I’m sure you were as shocked – shocked! – as I was to learn that another conservative politician [1] who champions Abstinence-Only “education programs,” and also opposes the ACA’s contraceptive mandate, now has to do the I-supporter-my-daughter-who-will-be-facing-many-challenges tap dance; i.e., the announcement of his 17 year-old (unmarried) daughter’s unplanned pregnancy.

"That, like, so never happens!" 

“That, like, so never happens!”

When I worked at Planned Parenthood, some of us snarky experienced clinic worker bees had a term for the Abstinence Only gals. We called them MUMs [2] in the making.

 *   *   *

It’s Still Working

The sound of footsteps at the front door is accompanied by the sound of muffled voices in consultation, followed by the sound of…nothing.  Yet another knock and/or ring of the doorbell was averted.  I can only guess that they, who/whatever they are, saw The Sign.  And they took The Sign as a sign, and did the right thing. [3]

I work out of a home office, and have come to loathe the interruptions from door-to-door salesfolk, proselytizers and petitioners.  Even so, I never wanted to post one of those NO SOLICITING signs by the front doorbell.  This is FAVOR, [4] including

*  such signs seem hostile, or at least unsociable, and I want my neighbors to feel welcome to stop by;

* several friends and neighbors who have posted No Solicitors notices told me that their signs are often unheeded; [5]

*  in My Ideal World ® , such signs should be unnecessary.  Why should I deface my house because some presumptuous blowholes think my family needs their opinions as to which imaginary friend we should worship and/or which political issue we should support?

MH and I vowed that we would not harass our neighbors when it came to underwriting K’s [6] and Belle’s school and extracurricular activities.  I can count on the fingers of one finger the times we allowed either of them to participate in those dreadful fundraising drives.  Suffice to say, we were not the most popular family amongst the school fundraising organizers. I discretely but firmly explained to a series of teachers, administrators and PTA Nazis (make that presidents) that while we while we supported ___ activity (if, indeed, we did support it) and would contribute the expected per child amount for our own child to participate, we would not send our children door to door, imploring our neighbors to purchase toxic-to-pets-and-infants, Go Team USA! made-in-China plastic water bottles and unrecyclable gift wrapping paper to finance the school’s lacrosse team mouth guard fund.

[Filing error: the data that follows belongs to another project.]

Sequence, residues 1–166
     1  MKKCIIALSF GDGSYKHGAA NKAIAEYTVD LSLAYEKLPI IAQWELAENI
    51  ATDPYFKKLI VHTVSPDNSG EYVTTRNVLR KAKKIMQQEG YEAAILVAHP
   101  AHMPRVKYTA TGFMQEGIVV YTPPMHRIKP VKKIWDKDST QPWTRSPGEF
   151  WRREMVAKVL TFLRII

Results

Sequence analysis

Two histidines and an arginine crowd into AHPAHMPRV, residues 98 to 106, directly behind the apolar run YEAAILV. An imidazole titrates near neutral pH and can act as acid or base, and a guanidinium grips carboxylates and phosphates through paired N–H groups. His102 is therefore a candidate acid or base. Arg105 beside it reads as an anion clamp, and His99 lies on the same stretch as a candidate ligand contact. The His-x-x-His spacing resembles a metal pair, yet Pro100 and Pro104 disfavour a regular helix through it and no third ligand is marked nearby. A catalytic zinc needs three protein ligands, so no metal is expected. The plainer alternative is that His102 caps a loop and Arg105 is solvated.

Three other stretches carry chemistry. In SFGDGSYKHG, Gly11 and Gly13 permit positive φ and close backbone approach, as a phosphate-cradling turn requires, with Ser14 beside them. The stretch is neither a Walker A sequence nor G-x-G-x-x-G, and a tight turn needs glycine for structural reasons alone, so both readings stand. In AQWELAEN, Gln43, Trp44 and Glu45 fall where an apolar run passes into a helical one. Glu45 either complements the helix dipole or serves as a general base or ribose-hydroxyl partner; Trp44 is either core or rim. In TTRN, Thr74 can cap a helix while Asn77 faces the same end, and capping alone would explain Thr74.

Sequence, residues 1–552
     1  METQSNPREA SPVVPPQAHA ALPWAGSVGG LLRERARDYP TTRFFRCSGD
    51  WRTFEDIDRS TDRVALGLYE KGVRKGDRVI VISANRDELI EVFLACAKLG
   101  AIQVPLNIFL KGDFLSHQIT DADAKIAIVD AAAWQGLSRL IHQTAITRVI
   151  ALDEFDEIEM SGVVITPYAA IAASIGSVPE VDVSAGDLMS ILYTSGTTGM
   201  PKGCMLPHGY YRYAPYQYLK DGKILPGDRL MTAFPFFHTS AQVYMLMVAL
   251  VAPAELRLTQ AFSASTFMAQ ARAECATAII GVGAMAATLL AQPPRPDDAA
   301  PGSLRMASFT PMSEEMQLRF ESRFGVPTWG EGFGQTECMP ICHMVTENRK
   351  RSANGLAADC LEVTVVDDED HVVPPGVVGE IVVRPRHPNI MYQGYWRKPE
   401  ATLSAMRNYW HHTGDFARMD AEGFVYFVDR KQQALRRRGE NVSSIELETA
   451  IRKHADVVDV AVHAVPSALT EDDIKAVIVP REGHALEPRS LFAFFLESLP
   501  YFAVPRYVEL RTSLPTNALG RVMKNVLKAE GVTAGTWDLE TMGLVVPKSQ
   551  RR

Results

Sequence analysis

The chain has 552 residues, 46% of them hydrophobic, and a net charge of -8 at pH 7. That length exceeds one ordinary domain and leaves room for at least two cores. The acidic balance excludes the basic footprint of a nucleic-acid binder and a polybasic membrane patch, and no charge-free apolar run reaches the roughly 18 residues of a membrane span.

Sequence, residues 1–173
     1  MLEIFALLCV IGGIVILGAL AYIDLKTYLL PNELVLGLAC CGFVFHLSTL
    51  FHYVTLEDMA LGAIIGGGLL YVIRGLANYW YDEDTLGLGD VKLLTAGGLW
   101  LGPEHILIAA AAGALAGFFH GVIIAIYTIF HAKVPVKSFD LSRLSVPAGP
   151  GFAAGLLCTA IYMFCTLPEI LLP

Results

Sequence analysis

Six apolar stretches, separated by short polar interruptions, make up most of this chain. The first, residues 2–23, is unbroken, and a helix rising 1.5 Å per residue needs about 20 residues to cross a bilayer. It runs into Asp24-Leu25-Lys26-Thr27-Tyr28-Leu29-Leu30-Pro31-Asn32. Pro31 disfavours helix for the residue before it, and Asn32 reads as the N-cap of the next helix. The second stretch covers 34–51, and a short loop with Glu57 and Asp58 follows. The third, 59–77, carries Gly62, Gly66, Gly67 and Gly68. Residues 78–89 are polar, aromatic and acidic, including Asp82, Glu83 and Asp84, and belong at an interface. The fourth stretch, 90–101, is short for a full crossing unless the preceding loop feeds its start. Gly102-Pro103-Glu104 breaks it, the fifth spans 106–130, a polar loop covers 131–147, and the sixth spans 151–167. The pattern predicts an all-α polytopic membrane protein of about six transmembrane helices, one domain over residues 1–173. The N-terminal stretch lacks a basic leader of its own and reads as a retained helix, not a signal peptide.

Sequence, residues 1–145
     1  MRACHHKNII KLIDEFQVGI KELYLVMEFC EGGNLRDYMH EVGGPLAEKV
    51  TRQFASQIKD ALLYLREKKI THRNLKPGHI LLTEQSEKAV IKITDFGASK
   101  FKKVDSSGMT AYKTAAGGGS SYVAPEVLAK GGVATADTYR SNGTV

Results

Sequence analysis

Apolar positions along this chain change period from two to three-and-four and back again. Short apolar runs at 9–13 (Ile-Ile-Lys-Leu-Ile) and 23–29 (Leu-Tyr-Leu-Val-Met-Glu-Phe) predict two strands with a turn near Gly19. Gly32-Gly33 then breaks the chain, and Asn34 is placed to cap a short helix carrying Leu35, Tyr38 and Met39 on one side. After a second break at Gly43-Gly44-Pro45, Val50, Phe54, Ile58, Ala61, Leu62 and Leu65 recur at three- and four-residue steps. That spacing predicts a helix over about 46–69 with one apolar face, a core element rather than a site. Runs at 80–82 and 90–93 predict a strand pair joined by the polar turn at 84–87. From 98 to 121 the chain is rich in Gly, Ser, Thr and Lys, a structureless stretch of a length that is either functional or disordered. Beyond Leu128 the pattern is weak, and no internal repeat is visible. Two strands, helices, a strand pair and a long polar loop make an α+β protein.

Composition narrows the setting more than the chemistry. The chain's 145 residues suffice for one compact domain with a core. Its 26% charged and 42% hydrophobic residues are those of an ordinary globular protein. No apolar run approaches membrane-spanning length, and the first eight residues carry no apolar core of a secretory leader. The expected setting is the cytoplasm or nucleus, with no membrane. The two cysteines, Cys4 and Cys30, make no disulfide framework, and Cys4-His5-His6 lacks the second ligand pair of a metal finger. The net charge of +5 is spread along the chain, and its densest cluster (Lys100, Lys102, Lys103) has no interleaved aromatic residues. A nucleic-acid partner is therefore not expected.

nosoliciting

Many other families apparently held no such sentiments. Thus, over the years there were a series of disappointed kiddie solicitors leaving our porch.  We were kind to the children, even as we were irritated to be put in the position of honing our gracious, “Oh, sorry, no thanks” response on wide-eyed eight-year olds. [7]

I wanted to get the point across, firmly and directly, but with humor.  My first solution, several years ago, was in the form of a topical Non Sequitur comic strip.  I was so pleased when I saw it (this is perfect!) I contacted the strip’s syndicating organization and paid the fee to receive a copy of the panel, which I laminated and posted under the doorbell.

The panel has long since been destroyed by the elements. I can’t find a copy of it online (how can this be?!?!?!?), so a description will have to suffice.  It was a single panel comic: a couple of solicitors pause on the sidewalk, outside of a house which has a sign on its front yard gate. The sign, which read something like, “Welcome, we love solicitors! Please, do tell us why your religion is better than ours!” is posted above an iconic coroner’s chalk-mark on the sidewalk that outlines where a body has lain.

After we posted the comic strip sign we let certain families in the neighborhood know of our policy (and the rest, I think, caught on). For families we actually knew/liked/recognized, [8] their children were welcome to pitch us their fundraisers, and we would support the activities if such activities were in line with our interests and values (e.g. nothing in which plastic swag was involved, nothing promoting religion or divisive politics, nothing where money would be funneled through non-legit “charities,” and nothing just plain lame-ass stupid).